Home > Brandenburg, Preaching, Worship > Preaching Is WORSHIP (Well, Should Be)

Preaching Is WORSHIP (Well, Should Be)

October 25, 2006

Israel, God’s Old Testament congregation, gathered for worship, which included sacrifices, singing, playing, prayer, and preaching. All of these were offered to God. Attendance was mandatory.

And that ye may teach the children of Israel all the statutes which the LORD hath spoken unto them by the hand of Moses. Leviticus 10:11

There was not a word of all that Moses commanded, which Joshua read not before all the congregation of Israel, with the women, and the little ones, and the strangers that were conversant among them. Joshua 8:35

So they read in the book in the law of God distinctly, and gave the sense, and caused them to understand the reading. Nehemiah 8:8

The primary criterion for Old Testament worship was acceptability to God—would God be pleased? Sometimes it is all called “the sacrificial system” to differentiate it from New Testament worship. However, New Testament worship is also a “sacrificial system” of its own—a living sacrificial system in contrast to a dead one in the Old Testament. A holy priesthood offers up spiritual sacrifices unto God (1 Peter 2:5; Philippians 3:3; 4:18). Like the Old Testament, the main requirement in New Testament worship is God’s acceptance.

Preaching is one of the New Testament offerings, part of the church, God’s New Testament congregation.[1] The preacher contributes to this by studying, rightly dividing (2 Timothy 2:15), and then preaching the Word (2 Timothy 4:2), giving attendance to reading, exhortation, and doctrine (1 Timothy 4:13). The congregation is quick to hear, slow to speak, slow to wrath, setting aside sin, and receiving with meekness what is preached, not being just a hearer, but also a doer (James 1:19-22). When both do their part, the preacher and the congregation, due to the sufficiency of the Word of God (2 Timothy 3:16, 17), the congregation is perfected for the work of the ministry (Ephesians 4:12), prevented from being tossed to and fro with every wind of doctrine (Ephesians 4:14), throughly furnished to every good work (2 Timothy 3:17), and provoked to love (Hebrews 10:25).

Paul looked at preaching as worship. In Romans 1:9 he wrote:

For God is my witness, whom I serve with my spirit in the gospel of his Son.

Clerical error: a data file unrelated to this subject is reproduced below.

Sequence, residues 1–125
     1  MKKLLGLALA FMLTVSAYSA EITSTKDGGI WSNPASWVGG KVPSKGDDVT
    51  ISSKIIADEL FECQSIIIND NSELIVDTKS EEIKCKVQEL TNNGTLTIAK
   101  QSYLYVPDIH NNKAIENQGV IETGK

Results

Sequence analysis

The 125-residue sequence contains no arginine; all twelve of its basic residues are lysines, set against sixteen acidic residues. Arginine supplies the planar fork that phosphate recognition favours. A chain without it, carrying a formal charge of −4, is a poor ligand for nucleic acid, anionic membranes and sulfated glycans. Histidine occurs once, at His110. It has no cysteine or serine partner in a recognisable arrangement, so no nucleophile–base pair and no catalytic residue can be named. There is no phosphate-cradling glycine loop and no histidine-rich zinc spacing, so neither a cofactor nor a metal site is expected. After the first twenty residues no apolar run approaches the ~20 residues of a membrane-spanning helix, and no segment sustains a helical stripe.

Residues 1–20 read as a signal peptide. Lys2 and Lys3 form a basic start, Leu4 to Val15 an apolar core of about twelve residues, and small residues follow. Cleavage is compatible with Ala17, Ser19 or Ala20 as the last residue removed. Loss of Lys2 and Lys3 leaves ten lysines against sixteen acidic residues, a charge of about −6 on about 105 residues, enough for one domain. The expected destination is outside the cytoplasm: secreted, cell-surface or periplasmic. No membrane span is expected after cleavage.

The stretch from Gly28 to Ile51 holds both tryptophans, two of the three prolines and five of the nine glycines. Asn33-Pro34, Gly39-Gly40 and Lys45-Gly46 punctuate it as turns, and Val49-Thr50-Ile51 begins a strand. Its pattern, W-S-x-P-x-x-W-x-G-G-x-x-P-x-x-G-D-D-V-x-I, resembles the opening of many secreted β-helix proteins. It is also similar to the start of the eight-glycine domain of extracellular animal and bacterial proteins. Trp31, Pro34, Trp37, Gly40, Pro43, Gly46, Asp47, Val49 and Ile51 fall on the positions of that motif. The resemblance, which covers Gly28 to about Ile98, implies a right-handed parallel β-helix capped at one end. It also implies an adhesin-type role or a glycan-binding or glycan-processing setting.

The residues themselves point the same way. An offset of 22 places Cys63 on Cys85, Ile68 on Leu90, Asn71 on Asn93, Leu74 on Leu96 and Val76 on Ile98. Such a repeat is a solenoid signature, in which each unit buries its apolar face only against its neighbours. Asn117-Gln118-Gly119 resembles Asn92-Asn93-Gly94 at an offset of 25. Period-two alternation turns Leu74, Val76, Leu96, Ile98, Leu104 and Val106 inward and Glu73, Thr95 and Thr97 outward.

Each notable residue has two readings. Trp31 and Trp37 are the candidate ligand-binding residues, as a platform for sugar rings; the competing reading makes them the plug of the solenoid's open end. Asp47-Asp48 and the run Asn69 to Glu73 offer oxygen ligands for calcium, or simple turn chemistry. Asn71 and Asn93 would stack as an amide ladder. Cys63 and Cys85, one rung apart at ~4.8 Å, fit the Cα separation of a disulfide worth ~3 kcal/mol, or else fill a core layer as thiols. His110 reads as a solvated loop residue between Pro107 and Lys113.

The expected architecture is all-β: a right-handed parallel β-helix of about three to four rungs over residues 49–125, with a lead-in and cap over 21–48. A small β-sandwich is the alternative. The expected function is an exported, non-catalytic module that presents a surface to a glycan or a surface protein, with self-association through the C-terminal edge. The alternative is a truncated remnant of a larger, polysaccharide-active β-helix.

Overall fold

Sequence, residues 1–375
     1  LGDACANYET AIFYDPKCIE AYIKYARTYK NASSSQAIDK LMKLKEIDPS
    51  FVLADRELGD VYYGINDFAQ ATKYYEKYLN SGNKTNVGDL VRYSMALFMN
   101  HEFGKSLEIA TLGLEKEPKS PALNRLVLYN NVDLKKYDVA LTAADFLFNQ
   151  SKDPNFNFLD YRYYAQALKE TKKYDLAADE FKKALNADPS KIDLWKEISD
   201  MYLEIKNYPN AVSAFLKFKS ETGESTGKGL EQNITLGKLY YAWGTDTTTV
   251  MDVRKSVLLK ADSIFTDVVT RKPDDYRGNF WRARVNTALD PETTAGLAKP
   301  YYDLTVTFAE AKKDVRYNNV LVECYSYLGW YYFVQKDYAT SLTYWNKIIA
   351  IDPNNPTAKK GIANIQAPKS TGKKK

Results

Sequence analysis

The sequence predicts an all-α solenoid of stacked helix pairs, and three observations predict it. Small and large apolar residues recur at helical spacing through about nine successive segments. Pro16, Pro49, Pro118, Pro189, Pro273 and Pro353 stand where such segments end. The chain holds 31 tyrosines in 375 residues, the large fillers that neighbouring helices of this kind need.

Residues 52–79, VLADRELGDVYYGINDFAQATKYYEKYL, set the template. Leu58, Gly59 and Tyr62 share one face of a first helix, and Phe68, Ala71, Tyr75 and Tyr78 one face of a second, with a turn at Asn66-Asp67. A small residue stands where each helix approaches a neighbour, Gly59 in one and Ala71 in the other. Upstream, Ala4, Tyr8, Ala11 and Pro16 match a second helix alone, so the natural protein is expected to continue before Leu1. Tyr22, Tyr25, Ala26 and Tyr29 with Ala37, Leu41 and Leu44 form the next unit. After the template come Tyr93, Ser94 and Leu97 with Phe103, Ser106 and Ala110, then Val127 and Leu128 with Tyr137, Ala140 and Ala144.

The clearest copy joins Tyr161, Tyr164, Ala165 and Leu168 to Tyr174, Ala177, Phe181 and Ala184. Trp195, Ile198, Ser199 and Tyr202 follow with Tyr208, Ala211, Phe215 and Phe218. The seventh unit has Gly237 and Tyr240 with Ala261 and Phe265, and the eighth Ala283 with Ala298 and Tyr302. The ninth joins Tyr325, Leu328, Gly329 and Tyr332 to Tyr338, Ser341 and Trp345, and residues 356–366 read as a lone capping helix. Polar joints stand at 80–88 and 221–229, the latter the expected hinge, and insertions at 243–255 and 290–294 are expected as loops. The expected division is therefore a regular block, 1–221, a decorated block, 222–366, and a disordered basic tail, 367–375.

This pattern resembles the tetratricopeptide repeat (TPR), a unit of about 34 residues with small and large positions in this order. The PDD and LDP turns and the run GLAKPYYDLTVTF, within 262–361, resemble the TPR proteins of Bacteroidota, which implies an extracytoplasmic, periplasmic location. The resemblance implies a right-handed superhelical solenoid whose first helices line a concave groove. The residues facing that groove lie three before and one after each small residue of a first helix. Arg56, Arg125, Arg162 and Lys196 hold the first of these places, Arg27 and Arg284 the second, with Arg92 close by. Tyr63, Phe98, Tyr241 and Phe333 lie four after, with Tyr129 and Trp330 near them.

The word “serve” here is latreia, which is a word understood as a kind of offering like the sacrifices of the Old Testament. It is translated “worship” in Philippians 3:3. The work of the Levitical priesthood is described by this word in Hebrews 8:5 and 9:9. When Paul preached the Gospel, he viewed it as a sacrifice offered to God. He worshiped God in his preaching.

So preaching is worship. Well, it should be. As worship, the chief criterion is whether God is pleased by it. Again, preaching should be God-centered, focusing on what God wants to hear. Whether the congregation likes it or not, if God does, then we have succeeded in a sermon. We have worshiped God.

[1]  Since a church is God’s temple (1 Corinthians 3:17), the locus of worship in the age in which we live, and the pastor is the overseer of a church (1 Timothy 3:1, “bishop,” episkopos=overseer), then the pastor is the designated “worship leader” of a church.

Categories: Brandenburg, Preaching, Worship
  1. October 25, 2006 at 8:11 am

    Amen. This is something that my dad has recently emphasized to me.

    Your footnote reminds me of the time that we had a family visit the church for the first time. The lady asked who the worship leader was. I just said, “You are looking at him.” It is amusing to read articles on other sites where they haggle over the role of the worship leader. If they only knew how simple some of these things are . . .

  2. October 26, 2006 at 4:40 am

    “The word “serve” here is latreia, which is a word understood as a kind of offering like the sacrifices of the Old Testament. It is translated “worship” in Philippians 3:3.”

    Enjoyed your post and don’t disagree with what you’ve written. I studied this word for a sermon I preached last Sunday morning on “Worshiping in the Spirit” and was surprised that other than the sacrifice passages mentioned, fasting and day-and-night prayer are the only outward forms mentioned in connection with this type of worship. Obviously, this kind of worship implies hard work and labor and is not primarily intended for our enjoyment. It does give one a different but also biblical take on worship.

  3. October 26, 2006 at 6:46 pm

    Thanks Robert. Glad you’re looking in. I’m guessing the fall foliage is beautiful this time of the year. Thanks for the extras on the word too. I did a word study on it several years ago when getting ready for something in Romans 12, since “service” is the noun form there in Rom. 12:1. I agree that it that believers can and will sacrifice.

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